Stocks in Asia were mixed on Thursday, with South Korea down 1.2% while China’s blue chips rose 1.7%, and Japan’s Nikkei was flat.
China’s CSI300 index jumped to its highest level since early March, while the Shanghai Composite Index climbed 1.6%, also hitting a near four-month closing high.
Chinese tech shares in Hong Kong staged a strong rebound, rising 2.8%, after Chinese President Xi Jinping chaired a top-level meeting that approved a plan for further development of large payment firms and the fintech sector.
Index heavyweight Alibaba Group Holding jumped 6.4%, while shares of Chinese automakers also climbed 6%, after China’s cabinet vowed on Wednesday to step up support for purchases of electric vehicles by extending a tax exemption due to expire this year.
Hong Kong-listed shares of Xpeng rose as much as 11% and Li Auto gained 10.8%, while BYD rose 6%. Shenzhen-listed Chongqing Chang’an Automobile rose 7.5%, while Great Wall Motors gained 6%.
Hong Kong’s share benchmark, the Hang Seng, gained 1.3%, on the back of these policy measures by Beijing.
The market also drew inspiration from a surge in Chinese battery giant Contemporary Amperex Technology Co Ltd (CATL), following its $6.7 billion private placement – with Macquarie Bank, JP Morgan Chase Bank and Barclays Bank as investors – and China’s planned introduction of new stock index derivatives.
US and European central banks “have been raising interest rates and shrinking balance sheets, but China has been loosening monetary policies to stabilise growth,” Linus Yip, chief strategist at First Shanghai Group, said.
In addition, “valuation of China and Hong Kong stocks are lower than their US peers,” he said.
Indian Shares Buck Downturn
Meanwhile, Indian shares bucked a broader downturn on Thursday as weak metal and oil prices drove beaten-down automakers to their best day since April 2020.
The NSE Nifty 50 index rose 0.93% to 15,556.65, while the S&P BSE Sensex climbed 0.86% to 52,265.72. These indexes have added around 1.7% so far this week, after two consecutive weeks of decline fuelled by concerns over interest rate hikes and growth.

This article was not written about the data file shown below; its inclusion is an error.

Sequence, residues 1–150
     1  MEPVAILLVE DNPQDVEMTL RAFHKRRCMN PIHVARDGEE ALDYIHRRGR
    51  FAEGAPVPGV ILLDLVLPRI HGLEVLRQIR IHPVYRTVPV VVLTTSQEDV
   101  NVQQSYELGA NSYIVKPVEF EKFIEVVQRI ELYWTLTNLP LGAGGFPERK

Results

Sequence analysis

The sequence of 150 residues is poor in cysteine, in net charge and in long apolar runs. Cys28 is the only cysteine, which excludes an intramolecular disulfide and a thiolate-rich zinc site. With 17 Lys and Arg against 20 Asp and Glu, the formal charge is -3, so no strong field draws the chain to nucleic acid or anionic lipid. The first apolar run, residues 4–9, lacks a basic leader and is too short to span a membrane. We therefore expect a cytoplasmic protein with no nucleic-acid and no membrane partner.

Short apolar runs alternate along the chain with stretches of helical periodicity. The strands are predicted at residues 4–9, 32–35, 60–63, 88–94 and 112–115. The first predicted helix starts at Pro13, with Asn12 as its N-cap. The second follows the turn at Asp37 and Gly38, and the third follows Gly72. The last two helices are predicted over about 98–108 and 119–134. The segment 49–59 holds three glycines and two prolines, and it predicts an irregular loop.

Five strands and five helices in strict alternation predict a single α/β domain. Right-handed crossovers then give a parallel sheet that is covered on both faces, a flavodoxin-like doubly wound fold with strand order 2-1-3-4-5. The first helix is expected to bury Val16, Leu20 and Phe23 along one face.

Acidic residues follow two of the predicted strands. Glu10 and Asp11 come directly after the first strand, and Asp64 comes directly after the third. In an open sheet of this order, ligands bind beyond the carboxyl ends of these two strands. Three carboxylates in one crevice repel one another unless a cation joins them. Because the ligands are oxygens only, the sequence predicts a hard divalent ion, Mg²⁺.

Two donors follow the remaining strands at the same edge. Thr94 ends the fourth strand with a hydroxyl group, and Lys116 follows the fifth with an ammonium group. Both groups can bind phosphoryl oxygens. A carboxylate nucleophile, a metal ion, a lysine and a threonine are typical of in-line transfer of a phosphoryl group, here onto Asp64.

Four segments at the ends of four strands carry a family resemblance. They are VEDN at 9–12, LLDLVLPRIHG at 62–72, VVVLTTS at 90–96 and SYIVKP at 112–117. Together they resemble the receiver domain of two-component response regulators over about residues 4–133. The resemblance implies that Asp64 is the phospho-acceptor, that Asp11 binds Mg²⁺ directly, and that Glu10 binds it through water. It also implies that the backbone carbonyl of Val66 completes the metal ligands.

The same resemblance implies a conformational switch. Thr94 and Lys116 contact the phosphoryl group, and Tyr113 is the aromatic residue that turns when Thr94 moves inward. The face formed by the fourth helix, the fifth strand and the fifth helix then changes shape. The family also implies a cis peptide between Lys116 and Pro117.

Aiding sentiment on Thursday was a further retreat in crude prices as investors assessed recession risks and the impact of higher rates on fuel demand. Cheaper oil tends to benefit oil-importing countries like India.
“Fall in crude oil prices gave some respite to the market, although concerns of persistent foreign investor selling and rising bond yields in the US will continue to keep traders on edge,” said Shrikant Chouhan, head of equity research (retail) at Kotak Securities.
Analysts also said central bank commentary that inflation was expected to come down to 4% in 2023-24 was underpinning sentiment.
US Stocks Up, Oil Down
US stocks rallied on Wednesday after remarks by chairman of the US Federal Reserve Jerome Powell, which some analysts said did not break any new ground, before giving up gains. The Dow Jones Industrial Average fell 0.15%, the S&P 500 lost 0.13%, and the Nasdaq Composite dropped 0.15%.
Concerns about the demand outlook have sapped commodity prices, with oil tumbling on Thursday to the lowest in more than a month. Brent crude was down 1.7% at $109.83 a barrel and US crude declined 2% to $104.10 a barrel.
Iron ore was already at six-month lows, having lost more than 20% in recent weeks, while copper struck a 15-month trough overnight.
The yield on benchmark 10-year Treasury notes was down slightly, at 3.0926%. The two-year yield, which rises with traders’ expectations of higher Fed fund rates, eased to 3.00%, compared with a US close of 3.056%.
In foreign exchange markets, the dollar rose 0.365% against a basket of major currencies. The index was up more than 8% this year, reflecting the broad risk-off sentiment and the dollar’s Fed-driven yield advantage.
Gold was slightly lower, with spot prices trading at $1,837 per ounce, little changed on the day.
• Reuters with additional editing by Jim Pollard
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